Regardless of current events—in Iraq, Afghanistan or in global financial markets—it is too early to write off, or even discount the United States as the pre-eminent global power. In fact, among the Big Three, only the United States is founded on “sound business model”: from democracy and capitalism, to immigration and creativity, it is hard to see how the EU or China could change sufficiently to acquire the necessary genes. Until China demonstrates that it can ride out a domestic economic downturn it is premature to place it in the same league as the United States. And let’s not forget that it too has increasingly acute demographic problems of its own. As for the EU, well, it remains to be seen how much geopolitical power it will have—as an entity—if it is no longer under the security offered by NATO.

Perhaps the book will provide stronger arguments, but there is too little in the article to conclude that the geopolitical configuration of this century will be a Big Three and the second world. US primacy in the coming decades is by no means guaranteed, but it is still harder to prove that any other country can match or overtake the US. Moreover the US will be the only power that is unchallenged in its own geographical sphere. Neither Brazil and certainly not Hugo Chavez’s Venezuela fit the bill of a serious geopolitical challenger. Not so, for the EU and China. The EU faces Russia, and possibly the Arab world, in its own geography. China faces Japan, India and Russia in Asia. In this reading, it is the US that could play a “swing” role in influencing the outcomes of these regional competitions.

Mr Khanna’s goal is to compel the United States to transform its foreign policy institutions and behaviour, which may explain why he has deliberately cast his thesis in this manner. It would be nice if it rankles strategists and policymakers in India as well.

Related Posts: By Daniel Nexon at the Duck of Minerva, by Hari at Thirty letters in my name, and by Ethan Zuckerman in My heart’s in Accra. [30 Jan] And Dan Drezner weighs in too.

On territorial compromises with China

It’s not at all trivial

It’s a seductive argument. That the longstanding border dispute between India and China is trivial. Aksai Chin, which China controls and India claims is not even habitable. Portions of Arunachal Pradesh, which China claims are both populated and economically useful. Surely, then, it makes sense for India to agree to a border settlement that swaps Aksai Chin for Arunachal Pradesh. It is the political difficulty of selling the compromise to the emotional Indian people, Arvind Kala writes, that is preventing India from settling the dispute. [Related Post: McMahon’s line and Aksai Chin]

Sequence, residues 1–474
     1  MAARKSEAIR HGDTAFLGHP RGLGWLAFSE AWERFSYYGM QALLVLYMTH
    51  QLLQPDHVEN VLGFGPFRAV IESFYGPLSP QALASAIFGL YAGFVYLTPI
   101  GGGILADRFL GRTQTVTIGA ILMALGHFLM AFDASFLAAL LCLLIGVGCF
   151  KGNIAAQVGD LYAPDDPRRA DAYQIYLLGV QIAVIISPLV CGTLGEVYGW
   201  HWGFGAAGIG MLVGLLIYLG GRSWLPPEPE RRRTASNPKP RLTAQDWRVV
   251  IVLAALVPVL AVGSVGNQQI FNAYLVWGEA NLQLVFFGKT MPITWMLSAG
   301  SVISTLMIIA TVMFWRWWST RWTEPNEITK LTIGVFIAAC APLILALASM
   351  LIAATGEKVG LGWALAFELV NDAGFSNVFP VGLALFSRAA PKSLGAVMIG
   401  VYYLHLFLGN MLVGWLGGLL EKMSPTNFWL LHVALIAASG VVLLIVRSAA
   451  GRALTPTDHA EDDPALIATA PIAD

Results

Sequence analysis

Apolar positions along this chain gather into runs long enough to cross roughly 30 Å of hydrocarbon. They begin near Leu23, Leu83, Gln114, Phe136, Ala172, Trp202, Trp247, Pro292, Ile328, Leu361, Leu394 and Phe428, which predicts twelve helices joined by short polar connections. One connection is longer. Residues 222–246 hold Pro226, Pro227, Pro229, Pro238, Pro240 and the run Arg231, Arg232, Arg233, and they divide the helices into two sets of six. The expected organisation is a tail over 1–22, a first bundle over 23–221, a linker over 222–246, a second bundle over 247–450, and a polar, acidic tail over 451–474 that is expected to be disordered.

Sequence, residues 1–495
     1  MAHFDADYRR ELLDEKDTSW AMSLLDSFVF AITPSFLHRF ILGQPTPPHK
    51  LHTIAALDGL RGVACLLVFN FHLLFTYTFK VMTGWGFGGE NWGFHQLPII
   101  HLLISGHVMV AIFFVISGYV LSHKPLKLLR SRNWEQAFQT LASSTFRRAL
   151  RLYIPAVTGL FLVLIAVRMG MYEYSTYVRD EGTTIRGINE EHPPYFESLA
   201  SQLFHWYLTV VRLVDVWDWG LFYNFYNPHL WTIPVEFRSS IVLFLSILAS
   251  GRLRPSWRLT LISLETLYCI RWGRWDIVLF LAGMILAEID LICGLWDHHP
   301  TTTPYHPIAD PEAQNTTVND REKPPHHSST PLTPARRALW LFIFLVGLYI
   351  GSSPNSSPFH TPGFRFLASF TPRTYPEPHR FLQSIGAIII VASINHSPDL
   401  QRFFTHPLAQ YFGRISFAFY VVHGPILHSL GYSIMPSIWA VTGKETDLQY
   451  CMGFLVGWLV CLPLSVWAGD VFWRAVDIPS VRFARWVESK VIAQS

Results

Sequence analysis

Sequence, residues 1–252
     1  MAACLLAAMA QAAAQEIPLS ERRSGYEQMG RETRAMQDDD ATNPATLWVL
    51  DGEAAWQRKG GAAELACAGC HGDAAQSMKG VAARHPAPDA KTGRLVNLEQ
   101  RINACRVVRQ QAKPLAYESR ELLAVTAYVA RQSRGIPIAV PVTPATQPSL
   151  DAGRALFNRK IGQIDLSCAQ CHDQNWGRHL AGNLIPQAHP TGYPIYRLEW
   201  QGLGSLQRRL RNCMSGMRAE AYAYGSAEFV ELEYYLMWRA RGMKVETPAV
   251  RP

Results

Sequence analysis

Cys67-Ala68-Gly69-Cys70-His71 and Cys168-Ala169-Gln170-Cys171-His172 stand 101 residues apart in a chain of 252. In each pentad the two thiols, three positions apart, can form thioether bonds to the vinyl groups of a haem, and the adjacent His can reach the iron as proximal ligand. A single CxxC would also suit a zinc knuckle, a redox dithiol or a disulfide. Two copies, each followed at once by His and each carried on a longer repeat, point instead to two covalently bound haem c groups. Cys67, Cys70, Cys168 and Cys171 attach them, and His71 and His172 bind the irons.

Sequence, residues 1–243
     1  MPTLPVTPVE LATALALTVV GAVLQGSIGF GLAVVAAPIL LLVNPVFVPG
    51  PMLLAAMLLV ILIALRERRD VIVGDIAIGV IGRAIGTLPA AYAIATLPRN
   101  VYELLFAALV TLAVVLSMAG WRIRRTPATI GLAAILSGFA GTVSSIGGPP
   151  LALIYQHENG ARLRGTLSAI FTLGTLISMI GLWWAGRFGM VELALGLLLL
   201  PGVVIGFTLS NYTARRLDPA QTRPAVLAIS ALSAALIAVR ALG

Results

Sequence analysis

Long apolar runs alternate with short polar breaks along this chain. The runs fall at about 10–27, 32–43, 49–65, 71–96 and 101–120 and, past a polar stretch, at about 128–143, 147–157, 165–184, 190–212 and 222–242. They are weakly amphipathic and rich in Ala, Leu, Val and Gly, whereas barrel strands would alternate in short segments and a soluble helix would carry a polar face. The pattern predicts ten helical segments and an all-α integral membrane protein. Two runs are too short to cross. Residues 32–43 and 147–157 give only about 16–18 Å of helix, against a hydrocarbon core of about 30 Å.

One problem: it is China that is unwilling move ahead towards settling the border dispute. The reasons why it chose to do so underlies why Mr Kala’s arguments are flawed: first, the border dispute is not ‘trivial’, but as even Jawaharlal Nehru recognised, the manifestation of a geopolitical power struggle between India and China. Second, Aksai Chin is not ‘useless’ to India, not least because it is vital to China. And finally, China is not a ‘friend’, no country is. Indeed, Mr Kala fundamentally misreads the nature of international relations when he declares ‘nations are like human beings’, ‘shaped by emotion’. It is possible that it is this anthropomorphism that leads Mr Kala to misleading conclusions. But if at all an analogy can be made, it is more appropriate to say that nations are like wild animals, existing under the law of the jungle. The zoomorphism apart, nations do what is in their interests. And at this time, resolving the dispute is not in China’s interests.

Just like in the case the dispute over Kashmir, it is not uncommon to hear well-meaning people suggest that a territorial compromise is the ticket to peace. But it is naïve and dangerous to believe that giving away territory will automatically cause the other side to go away and leave India in peace. That’s because, by its very nature, a compromise that leaves both sides satisfied will not change the underlying balance of power.

A corollary to this is that a mutually satisfactory solution to the border dispute is only possible when the balance of power is stable and both countries are well reconciled to it. That is hardly the case at this point in time—when India and China are both jockeying for power in Asia and beyond. At this time, it is to be expected that both will be sensitive to relative gains and losses, and for that reason, unwilling to settle the dispute.

Afterword: From one of Nehru’s letters to chief ministers: